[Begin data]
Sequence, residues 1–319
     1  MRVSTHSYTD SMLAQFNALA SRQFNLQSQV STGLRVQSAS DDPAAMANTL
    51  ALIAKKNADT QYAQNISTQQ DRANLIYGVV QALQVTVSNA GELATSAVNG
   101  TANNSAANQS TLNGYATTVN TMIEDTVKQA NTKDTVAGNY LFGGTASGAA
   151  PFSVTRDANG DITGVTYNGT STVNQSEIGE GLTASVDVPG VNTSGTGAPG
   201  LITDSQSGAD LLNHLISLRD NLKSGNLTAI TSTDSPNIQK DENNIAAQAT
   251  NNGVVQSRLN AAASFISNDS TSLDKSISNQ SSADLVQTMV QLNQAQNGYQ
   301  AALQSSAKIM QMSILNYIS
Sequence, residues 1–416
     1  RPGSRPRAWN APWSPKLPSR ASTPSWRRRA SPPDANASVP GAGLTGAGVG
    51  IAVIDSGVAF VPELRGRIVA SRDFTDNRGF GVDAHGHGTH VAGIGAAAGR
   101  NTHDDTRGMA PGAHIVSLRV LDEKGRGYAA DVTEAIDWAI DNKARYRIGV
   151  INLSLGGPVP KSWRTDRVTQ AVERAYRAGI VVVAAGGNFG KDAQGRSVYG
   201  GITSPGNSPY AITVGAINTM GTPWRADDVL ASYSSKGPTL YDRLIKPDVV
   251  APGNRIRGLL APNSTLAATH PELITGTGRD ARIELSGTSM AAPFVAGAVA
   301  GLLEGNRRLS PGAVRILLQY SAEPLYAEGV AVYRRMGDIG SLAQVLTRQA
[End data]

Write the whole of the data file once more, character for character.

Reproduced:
Sequence, residues 1–319
     1  MRVSTHSYTD SMLAQFNALA SRQFNLQSQV STGLRVQSAS DDPAAMANTL
    51  ALIAKKNADT QYAQNISTQQ DRANLIYGVV QALQVTVSNA GELATSAVNG
   101  TANNSAANQS TLNGYATTVN TMIEDTVKQA NTKDTVAGNY LFGGTASGAA
   151  PFSVTRDANG DITGVTYNGT STVNQSEIGE GLTASVDVPG VNTSGTGAPG
   201  LITDSQSGAD LLNHLISLRD NLKSGNLTAI TSTDSPNIQK DENNIAAQAT
   251  NNGVVQSRLN AAASFISNDS TSLDKSISNQ SSADLVQTMV QLNQAQNGYQ
   301  AALQSSAKIM QMSILNYIS
Sequence, residues 1–416
     1  RPGSRPRAWN APWSPKLPSR ASTPSWRRRA SPPDANASVP GAGLTGAGVG
    51  IAVIDSGVAF VPELRGRIVA SRDFTDNRGF GVDAHGHGTH VAGIGAAAGR
   101  NTHDDTRGMA PGAHIVSLRV LDEKGRGYAA DVTEAIDWAI DNKARYRIGV
   151  INLSLGGPVP KSWRTDRVTQ AVERAYRAGI VVVAAGGNFG KDAQGRSVYG
   201  GITSPGNSPY AITVGAINTM GTPWRADDVL ASYSSKGPTL YDRLIKPDVV
   251  APGNRIRGLL APNSTLAATH PELITGTGRD ARIELSGTSM AAPFVAGAVA
   301  GLLEGNRRLS PGAVRILLQY SAEPLYAEGV AVYRRMGDIG SLAQVLTRQA